Motivation: This bank has improved a lot and is now one of my preferred banks in the Middle Eastern region. There have been times when we have needed to call our account manager in the middle of the night local time and he has been happy to take the call – and solve the issue!

They offer a special credit card for smaller businesses, which is something I wish more banks did. The card is easy to get and can be invaluable to new businesses.

ADCB is also a big merchant bank with settlement in a wide range of currencies.

New accounts can be opened with as little as AED 50,000 (circa 10,000 EUR or 13,500 USD) to avoid penalty fees and all accounts are multi-currency, which in addition to the usual EUR, USD, GBP, and local AED covers some other regional currencies. Islamic banking is available.

Bank: Banque Audi
Jurisdiction: Lebanon
Time with bank: 4 years
Purpose: savings products for UAE (RAK) company
Website: http://www.banqueaudi.com/Pages/Default.aspx
Motivation: Lebanon was picked for its extremely tight banking secrecy and Banque Audi had the services best fitting for this company (cash collection, savings). The interest rates on savings accounts are phenomenal and the staff is always helpful. Rigorous application process but smooth sailing after that (very few questions asked).

Bank: United Overseas Bank (UOB)
Jurisdiction: Singapore
Time with bank:  1 year
Purpose: company account for Singapore company
Website: http://www.uob.com.sg/business/index.html
Motivation: This bank is a fairly new acquaintance but so far it’s been nothing short of excellent. Multi-currency accounts, top-notch customer service (in English), and simple account opening and credit card applications.

Contrary to its name, UOB is not particularly open to offshore companies and have recently made it even more difficult for overseas individuals to open accounts. They will and do open accounts for offshore companies (especially Hong Kong and other surrounding Asian countries) but for example European or American (including Caribbean) individuals or companies may find it difficult.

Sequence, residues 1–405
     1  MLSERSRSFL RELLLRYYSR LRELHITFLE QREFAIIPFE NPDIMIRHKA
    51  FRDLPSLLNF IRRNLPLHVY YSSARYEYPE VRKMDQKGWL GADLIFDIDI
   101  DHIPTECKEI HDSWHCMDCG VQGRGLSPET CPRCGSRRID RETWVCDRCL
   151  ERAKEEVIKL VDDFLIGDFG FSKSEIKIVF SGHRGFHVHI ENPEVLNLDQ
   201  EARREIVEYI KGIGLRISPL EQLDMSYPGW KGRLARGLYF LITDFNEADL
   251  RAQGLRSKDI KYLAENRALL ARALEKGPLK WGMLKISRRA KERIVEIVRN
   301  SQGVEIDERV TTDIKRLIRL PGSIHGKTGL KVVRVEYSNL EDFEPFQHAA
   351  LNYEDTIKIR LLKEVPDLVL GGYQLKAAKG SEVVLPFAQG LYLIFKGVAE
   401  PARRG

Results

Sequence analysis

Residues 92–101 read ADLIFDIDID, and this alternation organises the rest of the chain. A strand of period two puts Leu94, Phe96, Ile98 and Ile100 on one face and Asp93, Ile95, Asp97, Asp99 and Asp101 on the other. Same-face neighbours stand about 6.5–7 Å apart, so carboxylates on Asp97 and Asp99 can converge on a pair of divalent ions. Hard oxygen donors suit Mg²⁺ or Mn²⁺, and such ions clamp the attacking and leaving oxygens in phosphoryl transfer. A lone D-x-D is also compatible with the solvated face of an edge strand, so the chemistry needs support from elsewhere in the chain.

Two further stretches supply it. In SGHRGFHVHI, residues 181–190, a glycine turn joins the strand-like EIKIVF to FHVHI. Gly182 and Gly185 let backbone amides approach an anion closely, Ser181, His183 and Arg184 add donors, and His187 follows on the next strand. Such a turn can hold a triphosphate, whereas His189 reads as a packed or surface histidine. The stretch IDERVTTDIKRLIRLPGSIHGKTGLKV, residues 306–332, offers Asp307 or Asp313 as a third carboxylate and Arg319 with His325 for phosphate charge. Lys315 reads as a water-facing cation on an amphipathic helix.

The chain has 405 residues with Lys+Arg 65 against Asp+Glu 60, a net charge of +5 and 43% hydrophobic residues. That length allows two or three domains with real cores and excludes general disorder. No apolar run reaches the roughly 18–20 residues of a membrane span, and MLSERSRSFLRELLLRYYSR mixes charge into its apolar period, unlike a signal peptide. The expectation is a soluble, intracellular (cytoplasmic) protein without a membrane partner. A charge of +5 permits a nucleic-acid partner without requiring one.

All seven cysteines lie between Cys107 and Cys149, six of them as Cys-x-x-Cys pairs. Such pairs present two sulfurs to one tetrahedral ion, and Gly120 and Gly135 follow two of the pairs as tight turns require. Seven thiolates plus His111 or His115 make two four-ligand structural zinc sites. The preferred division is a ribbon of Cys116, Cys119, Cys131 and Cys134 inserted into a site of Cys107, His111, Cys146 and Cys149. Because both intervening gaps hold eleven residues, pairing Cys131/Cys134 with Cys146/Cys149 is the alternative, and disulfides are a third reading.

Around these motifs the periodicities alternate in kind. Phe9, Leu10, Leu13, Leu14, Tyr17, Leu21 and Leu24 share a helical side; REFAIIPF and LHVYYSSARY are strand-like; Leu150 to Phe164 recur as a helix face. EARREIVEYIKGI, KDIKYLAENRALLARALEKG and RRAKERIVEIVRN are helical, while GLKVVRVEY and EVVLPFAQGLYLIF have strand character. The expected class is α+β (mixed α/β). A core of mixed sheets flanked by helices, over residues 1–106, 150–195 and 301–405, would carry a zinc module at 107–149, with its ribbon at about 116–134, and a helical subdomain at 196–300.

Bank: Multibank
Jurisdiction: Panama
Time with bank: 2+ years
Purpose: savings account for Panamanian holding company
Website: https://www.multibank.com.pa/en/default.html
Motivation: Anyone who has ever opened – or tried to open! – an account in Panama knows that it can feel like taking a deep dive into an ocean of paperwork. I walked out of several banks just shaking my head at the amount of paperwork required. Multibank, however, made it easy. They still required a lot of paperwork but they were very upfront about what they needed.

They have some very interesting card products and it’s all very international-friendly since the bank uses USD as standard currency. Account opening can be very difficult for non-Panamanian entities or persons. Multi-currency is available but not standard. Minimum deposit varies from 1,000 to 35,000 USD depending on service needed.

Bank: Federal Bank of Middle East (FBME)
Jurisdiction: Cyprus and Tanzania
Time with bank: 5 years
Website: http://www.fbme.com/
Purpose: merchant accounts for various offshore companies
Motivation: FBME is for many the go-to bank in Cyprus, and rightfully so. The bank traces its roots back to Lebanon and is currently one of the biggest banks in the high-risk merchant account market; not because of their rates but because of their leniency and how easy it is to get a merchant account with them. They also offer an impressive range of card products, such as prepaid cards, anonymous no-name cards, and regular credit cards, including the exclusive Visa Infinite card.

FBME in Cyprus rarely opens personal accounts. They are mostly a corporate and merchant bank. Unlike many other Cypriot banks, FBME has virtually zero exposure to Greece and even offered to help the Cypriot government pay for a bail-out in the 2011/2012 crisis.

FBME charges fairly high fees, which can be a bit daunting to small companies but I would say it’s worth it. No Cypriot bank comes close to FBME.


That rounds it up. Those are the best offshore banks I have used in 2012. To recap:

  •  Jyske Bank, Gibraltar
  • HSBC, Hong Kong
  • Hang Seng, Hong Kong
  • Crèdit Andorrà, Andorra
  • Banque de Luxembourg, Luxembourg
  • Abu Dhabi Commercial Bank, UAE
  • Banque Audi, Lebanon
  • United Overseas Bank, Singapore
  • Multibank, Panama
  • FBME, Cyprus

Click here for The Best Offshore Banks 201

12 Comments on "The Best Offshore Banks 2012"

  1. Streber, your blog is one of the most professional and straight to the point on offshore banking. kudos for that 😉

    You mentioned Abu Dhabi Commercial Bank (ADCB) in UAE in your article. From my own research, I see that it’s a good bank to work with.

    However the main problem is that all banks in UAE offer debit/credit cards only in dirham(local) currency.